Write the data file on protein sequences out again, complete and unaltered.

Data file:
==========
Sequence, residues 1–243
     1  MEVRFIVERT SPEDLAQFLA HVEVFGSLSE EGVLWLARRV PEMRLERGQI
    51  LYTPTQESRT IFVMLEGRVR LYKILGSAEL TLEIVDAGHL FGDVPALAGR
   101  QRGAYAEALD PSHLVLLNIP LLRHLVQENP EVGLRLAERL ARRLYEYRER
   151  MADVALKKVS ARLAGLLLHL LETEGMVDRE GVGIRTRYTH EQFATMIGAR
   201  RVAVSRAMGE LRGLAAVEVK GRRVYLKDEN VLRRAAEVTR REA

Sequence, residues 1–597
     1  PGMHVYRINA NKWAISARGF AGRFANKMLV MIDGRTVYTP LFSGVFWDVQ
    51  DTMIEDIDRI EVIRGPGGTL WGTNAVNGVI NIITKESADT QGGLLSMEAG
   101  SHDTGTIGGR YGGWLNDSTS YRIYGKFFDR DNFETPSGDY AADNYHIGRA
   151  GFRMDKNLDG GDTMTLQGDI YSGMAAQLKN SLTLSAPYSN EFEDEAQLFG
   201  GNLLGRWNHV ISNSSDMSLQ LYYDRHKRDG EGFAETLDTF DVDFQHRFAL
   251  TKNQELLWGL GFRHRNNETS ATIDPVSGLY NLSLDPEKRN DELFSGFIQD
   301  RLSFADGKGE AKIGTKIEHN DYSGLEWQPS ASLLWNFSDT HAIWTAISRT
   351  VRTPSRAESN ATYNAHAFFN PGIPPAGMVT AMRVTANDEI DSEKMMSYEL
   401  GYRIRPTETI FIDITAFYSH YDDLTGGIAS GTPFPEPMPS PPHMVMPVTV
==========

Sequence, residues 1–243
     1  MEVRFIVERT SPEDLAQFLA HVEVFGSLSE EGVLWLARRV PEMRLERGQI
    51  LYTPTQESRT IFVMLEGRVR LYKILGSAEL TLEIVDAGHL FGDVPALAGR
   101  QRGAYAEALD PSHLVLLNIP LLRHLVQENP EVGLRLAERL ARRLYEYRER
   151  MADVALKKVS ARLAGLLLHL LETEGMVDRE GVGIRTRYTH EQFATMIGAR
   201  RVAVSRAMGE LRGLAAVEVK GRRVYLKDEN VLRRAAEVTR REA

Sequence, residues 1–597
     1  PGMHVYRINA NKWAISARGF AGRFANKMLV MIDGRTVYTP LFSGVFWDVQ
    51  DTMIEDIDRI EVIRGPGGTL WGTNAVNGVI NIITKESADT QGGLLSMEAG
   101  SHDTGTIGGR YGGWLNDSTS YRIYGKFFDR DNFETPSGDY AADNYHIGRA
   151  GFRMDKNLDG GDTMTLQGDI YSGMAAQLKN SLTLSAPYSN EFEDEAQLFG
   201  GNLLGRWNHV ISNSSDMSLQ LYYDRHKRDG EGFAETLDTF DVDFQHRFAL
   251  TKNQELLWGL GFRHRNNETS ATIDPVSGLY NLSLDPEKRN DELFSGFIQD
   301  RLSFADGKGE AKIGTKIEHN DYSGLEWQPS ASLLWNFSDT HAIWTAISRT
   351  VRTPSRAESN ATYNAHAFFN PGIPPAGMVT AMRVTANDEI DSEKMMSYEL
   401  GYRIRPTETI FIDITAFYSH YDDLTGGIAS GTPFPEPMPS PPHMVMPVTV